Catching Bullets Full of Red
"There's a lot of gunshots in this one, but what makes it different is having Helen Mirren shooting a machine gun," Goux enthuses. "All audiences think that's the coolest thing."
But what separates CIS Vancouver's mayhem on Red are four shots involving -- you guessed it --the bullets. And although CIS Vancouver used Maya for 3D for the 220 shots, it relied heavily on Nuke for compositing, with Abel Milanes serving as CIS comp supervisor and Frederick Hoglin handling the more difficult shots.
"It's changed our production pipeline in that we're finding we're doing a lot more things in Nuke in CG using the power of its 3D capabilities," Goux confirms. "It's a nice little dynamic shift that we're seeing in these kinds of movies where we can get a lot more done in Nuke as far as 3D projections and manipulating 3D models and not having to go back to Maya at all.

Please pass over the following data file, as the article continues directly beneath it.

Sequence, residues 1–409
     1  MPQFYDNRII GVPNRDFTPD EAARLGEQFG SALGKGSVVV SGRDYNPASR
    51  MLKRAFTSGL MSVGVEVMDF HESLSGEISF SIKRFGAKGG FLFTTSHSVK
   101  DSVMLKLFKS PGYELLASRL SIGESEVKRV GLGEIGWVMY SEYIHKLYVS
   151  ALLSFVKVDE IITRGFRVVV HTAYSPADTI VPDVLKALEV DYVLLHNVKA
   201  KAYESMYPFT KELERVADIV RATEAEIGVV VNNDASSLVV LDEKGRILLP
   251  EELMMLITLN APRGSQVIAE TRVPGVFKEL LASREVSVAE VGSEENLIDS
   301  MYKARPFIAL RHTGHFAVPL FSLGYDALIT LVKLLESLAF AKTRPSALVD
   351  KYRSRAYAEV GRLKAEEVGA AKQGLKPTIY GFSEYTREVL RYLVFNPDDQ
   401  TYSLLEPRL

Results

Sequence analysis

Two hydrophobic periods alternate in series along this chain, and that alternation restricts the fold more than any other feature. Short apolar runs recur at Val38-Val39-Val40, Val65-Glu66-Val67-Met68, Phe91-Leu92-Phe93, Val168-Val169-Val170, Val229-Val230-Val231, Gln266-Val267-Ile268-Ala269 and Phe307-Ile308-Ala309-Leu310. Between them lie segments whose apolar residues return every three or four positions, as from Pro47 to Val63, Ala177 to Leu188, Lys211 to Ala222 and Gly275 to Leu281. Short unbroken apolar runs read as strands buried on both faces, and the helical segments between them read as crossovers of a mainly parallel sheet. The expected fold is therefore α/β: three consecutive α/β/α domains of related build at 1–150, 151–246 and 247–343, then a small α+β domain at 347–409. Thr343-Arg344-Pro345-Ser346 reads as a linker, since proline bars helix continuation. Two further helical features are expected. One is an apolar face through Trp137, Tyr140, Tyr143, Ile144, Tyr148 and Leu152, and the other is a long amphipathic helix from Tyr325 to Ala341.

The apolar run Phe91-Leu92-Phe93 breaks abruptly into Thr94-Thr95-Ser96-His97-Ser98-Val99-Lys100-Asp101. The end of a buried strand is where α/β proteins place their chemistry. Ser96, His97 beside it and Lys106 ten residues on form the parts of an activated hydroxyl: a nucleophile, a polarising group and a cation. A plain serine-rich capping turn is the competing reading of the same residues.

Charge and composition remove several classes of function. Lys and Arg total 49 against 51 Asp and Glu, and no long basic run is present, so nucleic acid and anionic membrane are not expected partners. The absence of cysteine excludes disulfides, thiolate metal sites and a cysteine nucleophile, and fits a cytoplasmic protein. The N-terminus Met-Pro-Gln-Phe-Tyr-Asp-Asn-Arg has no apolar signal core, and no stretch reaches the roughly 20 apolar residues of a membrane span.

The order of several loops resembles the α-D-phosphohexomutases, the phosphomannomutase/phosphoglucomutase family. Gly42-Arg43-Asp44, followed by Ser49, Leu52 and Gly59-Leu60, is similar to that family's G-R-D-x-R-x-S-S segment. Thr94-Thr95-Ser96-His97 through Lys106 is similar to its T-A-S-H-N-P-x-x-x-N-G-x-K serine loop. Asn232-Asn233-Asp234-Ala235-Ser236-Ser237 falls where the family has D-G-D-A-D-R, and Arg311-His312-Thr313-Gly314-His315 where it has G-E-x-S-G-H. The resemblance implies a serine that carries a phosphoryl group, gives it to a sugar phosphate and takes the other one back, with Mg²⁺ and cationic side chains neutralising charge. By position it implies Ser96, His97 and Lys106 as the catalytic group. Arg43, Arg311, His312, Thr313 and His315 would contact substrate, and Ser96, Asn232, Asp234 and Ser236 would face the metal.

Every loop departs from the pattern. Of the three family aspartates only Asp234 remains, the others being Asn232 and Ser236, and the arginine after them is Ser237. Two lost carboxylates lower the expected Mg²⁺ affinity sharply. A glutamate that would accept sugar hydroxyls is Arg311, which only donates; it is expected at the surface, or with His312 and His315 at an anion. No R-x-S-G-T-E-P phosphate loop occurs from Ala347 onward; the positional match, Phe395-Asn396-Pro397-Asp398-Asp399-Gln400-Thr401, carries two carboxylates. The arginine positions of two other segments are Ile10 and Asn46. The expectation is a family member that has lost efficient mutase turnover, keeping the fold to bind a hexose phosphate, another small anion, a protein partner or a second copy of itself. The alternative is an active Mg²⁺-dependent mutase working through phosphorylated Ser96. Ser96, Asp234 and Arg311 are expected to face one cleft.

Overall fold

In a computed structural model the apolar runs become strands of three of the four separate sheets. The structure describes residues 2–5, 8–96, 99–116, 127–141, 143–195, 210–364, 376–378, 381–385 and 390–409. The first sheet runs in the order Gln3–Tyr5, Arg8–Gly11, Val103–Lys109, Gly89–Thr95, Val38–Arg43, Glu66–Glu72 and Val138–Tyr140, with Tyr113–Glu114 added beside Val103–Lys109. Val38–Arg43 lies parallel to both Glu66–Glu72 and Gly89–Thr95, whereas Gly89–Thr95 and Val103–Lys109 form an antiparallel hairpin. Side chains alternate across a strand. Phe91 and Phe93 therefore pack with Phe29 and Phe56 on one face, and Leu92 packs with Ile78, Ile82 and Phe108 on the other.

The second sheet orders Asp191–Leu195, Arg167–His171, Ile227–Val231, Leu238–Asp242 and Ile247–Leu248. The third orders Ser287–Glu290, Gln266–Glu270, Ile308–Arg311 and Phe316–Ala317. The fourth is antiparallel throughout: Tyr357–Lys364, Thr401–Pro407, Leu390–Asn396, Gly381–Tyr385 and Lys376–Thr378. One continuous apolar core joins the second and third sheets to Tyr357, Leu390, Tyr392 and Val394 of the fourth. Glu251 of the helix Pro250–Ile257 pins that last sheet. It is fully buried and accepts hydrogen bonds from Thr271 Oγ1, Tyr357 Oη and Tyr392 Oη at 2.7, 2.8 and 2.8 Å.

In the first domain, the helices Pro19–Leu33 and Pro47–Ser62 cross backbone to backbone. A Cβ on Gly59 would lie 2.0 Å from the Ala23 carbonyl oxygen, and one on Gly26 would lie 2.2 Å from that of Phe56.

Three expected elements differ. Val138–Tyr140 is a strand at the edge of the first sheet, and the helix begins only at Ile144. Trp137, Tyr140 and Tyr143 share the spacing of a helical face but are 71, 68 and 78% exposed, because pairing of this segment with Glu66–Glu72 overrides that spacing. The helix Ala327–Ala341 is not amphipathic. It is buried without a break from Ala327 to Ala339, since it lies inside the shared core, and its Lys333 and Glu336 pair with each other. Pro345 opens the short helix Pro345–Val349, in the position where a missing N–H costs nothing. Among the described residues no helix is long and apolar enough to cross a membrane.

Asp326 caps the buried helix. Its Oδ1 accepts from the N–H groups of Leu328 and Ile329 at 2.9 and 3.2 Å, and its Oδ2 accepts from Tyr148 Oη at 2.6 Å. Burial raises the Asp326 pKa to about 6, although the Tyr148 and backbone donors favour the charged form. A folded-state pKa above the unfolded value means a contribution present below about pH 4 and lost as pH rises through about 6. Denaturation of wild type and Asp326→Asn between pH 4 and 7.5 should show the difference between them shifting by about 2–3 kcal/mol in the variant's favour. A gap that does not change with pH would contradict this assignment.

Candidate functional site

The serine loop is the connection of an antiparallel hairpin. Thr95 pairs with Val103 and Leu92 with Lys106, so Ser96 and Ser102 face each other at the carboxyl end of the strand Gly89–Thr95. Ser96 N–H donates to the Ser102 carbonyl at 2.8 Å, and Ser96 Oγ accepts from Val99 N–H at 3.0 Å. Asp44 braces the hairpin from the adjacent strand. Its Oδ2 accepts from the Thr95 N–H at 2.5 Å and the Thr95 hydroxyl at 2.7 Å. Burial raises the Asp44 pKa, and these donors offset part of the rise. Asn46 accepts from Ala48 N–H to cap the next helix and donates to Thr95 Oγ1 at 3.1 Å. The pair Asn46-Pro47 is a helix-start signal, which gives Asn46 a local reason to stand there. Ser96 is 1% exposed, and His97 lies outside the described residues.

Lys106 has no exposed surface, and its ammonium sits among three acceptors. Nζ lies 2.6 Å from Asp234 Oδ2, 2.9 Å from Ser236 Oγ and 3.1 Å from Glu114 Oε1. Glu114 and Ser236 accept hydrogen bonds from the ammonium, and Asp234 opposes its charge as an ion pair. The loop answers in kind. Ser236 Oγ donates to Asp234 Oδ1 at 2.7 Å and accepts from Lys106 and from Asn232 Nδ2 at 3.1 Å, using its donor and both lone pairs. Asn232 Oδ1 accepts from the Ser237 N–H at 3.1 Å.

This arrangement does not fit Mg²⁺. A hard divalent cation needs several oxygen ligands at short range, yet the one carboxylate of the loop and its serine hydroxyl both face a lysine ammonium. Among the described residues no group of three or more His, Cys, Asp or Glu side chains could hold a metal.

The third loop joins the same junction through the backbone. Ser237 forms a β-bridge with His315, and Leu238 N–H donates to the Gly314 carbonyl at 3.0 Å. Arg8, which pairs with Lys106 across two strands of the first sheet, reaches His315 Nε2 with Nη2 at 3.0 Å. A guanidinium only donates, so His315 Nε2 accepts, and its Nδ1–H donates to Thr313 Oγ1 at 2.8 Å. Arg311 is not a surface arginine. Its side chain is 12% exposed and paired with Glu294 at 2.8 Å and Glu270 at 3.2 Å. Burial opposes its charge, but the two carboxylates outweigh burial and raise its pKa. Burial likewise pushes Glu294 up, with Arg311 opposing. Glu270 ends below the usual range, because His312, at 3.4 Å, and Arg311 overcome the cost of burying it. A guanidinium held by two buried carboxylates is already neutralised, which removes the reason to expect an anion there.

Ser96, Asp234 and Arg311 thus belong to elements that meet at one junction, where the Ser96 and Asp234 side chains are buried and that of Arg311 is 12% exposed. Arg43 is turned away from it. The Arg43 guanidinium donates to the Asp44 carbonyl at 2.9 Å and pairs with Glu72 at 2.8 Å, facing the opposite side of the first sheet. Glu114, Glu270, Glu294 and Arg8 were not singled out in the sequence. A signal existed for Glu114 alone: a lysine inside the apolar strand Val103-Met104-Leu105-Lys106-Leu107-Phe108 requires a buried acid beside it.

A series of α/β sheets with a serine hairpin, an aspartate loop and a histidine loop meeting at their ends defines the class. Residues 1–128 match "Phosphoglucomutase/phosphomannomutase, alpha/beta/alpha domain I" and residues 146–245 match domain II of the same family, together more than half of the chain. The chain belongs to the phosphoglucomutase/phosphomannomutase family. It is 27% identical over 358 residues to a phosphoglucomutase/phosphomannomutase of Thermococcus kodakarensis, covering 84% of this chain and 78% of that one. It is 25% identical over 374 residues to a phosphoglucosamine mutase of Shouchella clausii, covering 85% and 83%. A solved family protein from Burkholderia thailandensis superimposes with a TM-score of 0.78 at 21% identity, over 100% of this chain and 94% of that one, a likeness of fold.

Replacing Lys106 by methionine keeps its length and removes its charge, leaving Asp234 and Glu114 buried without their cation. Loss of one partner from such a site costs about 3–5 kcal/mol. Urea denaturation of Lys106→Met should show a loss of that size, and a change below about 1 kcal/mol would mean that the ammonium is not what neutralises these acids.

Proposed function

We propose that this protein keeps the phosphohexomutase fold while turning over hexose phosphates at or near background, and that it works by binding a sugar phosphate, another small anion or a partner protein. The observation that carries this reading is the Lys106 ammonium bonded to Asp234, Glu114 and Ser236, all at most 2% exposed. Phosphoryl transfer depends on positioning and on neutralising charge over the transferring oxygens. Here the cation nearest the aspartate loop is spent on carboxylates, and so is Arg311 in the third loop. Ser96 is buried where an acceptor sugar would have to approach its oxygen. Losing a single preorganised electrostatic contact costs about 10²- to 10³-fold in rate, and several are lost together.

In the first sequence, Willis drives in a police car with Mary-Louise Parker. It's a long shot, 15 seconds. The camera is inside the police car, slowly traveling from the back seat looking out the front window to the front dash, looking back out the rear. "This was a greenscreen shoot on a stage, but since it's a one-shot, getting the background plates of the city streets was the trick," Goux continues. "Jim [Madigan] filmed the background by setting up five cameras each offset by 35 degrees to encompass a full 180-degree field of view. It was our job to stitch these plates together seamlessly and match the camera move that was shot on the greenscreen stage."